LSU Health Shreveport is now one of five sites in the world and the first in Louisiana involved in a clinical trial that assesses inhaled nitric oxide as a treatment for patients with mild to moderate cases of COVID-19.
This is an international study testing using inhaled nitric oxide to improve outcomes for COVID-19 patients with severely damaged lungs; using gas to effectively “kill” corona virus in the lungs and improve delivery of oxygen to injured tissues. Inhaled nitric oxide had previously been suggested to decrease original SARS-CoV infectivity over a decade ago but its effect on SARS-CoV2 remains unknown.
This investigative therapy uses convalescent plasma from individuals who have recovered from COVID-19. It is possible convalescent plasma contains antibodies to SARS-CoV-2 (COVID-19) and might be effective against the infection. Use of convalescent plasma has been studied in outbreaks of other respiratory infections, including the 2009 H1N1 influenza virus pandemic, 2004 SRS-CoV-1 epidemic, and the 2012 MERS-CoV epidemic.
- LSU Health Shreveport Becomes Site for Additional Nitric Oxide Clinical Trial
- LSU Health Shreveport among the first in US to offer inhaled nitric oxide clinical trial for COVID-19 patients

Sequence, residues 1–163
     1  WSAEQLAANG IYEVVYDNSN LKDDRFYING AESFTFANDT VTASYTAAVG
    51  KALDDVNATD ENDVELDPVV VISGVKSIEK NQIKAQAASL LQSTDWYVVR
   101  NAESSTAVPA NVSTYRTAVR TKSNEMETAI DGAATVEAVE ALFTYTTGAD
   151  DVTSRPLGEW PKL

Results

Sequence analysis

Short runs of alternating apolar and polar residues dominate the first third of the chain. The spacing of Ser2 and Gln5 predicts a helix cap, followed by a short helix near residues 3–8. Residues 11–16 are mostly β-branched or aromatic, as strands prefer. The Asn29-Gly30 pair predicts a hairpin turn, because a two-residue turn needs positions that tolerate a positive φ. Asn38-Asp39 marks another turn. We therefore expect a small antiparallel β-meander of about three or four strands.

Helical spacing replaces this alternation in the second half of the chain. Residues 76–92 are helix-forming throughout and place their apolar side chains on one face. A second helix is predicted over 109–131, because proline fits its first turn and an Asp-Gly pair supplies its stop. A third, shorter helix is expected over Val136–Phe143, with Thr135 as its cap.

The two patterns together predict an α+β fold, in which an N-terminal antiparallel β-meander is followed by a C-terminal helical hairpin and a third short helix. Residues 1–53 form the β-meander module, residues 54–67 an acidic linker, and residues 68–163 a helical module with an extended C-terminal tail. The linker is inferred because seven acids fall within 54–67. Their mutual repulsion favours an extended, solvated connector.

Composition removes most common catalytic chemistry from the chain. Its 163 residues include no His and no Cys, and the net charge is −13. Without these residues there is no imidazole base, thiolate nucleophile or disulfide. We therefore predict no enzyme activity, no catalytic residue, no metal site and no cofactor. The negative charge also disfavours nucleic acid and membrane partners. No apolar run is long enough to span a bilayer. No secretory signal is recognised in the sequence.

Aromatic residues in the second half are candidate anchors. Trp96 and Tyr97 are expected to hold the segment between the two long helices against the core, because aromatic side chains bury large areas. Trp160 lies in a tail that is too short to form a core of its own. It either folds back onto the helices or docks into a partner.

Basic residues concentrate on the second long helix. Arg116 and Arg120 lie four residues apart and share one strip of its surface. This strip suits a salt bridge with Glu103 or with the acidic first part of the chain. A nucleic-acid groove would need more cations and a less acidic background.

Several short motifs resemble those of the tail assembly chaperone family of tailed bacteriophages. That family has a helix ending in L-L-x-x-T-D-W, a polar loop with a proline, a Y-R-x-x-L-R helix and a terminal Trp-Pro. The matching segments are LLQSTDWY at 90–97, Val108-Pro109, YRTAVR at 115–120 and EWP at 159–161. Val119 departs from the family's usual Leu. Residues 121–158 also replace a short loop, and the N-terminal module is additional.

- Health care professionals with LSU Health Shreveport, Ochsner LSU Health Shreveport and LifeShare Blood Center provide first COVID-19 convalescent plasma therapy in Louisiana
“We know a lot of these things work, we just don’t know when they work the best. And that’s what we’re trying to figure out really right now is when, how much and where. And that’s the confusing part of this whole disease. It’s nothing like we’ve ever seen, nothing like medicine has ever seen,” Dr. Keith Scott said.
“We will take their blood and run it through and siphon off the plasma, the plasma will have the antibodies and the antibodies will be administered to critically ill patients,” says LSUHS Chancellor Ghali.
“What we’re so excited about is this, it’s FDA approved. Almost any hospital of any size already has a ventilator, already has the gas and if this is something that does work it could start being applied immediately,” said LSUHS Professor, Keith Scott, MD.
For the majority of the first month of the outbreak in the State of Louisiana, Caddo Parish and Shreveport led the way in completed tests. That trend has now been joined by the way that LSU Health Shreveport is attacking the virus in the effort to defeat COVID-19.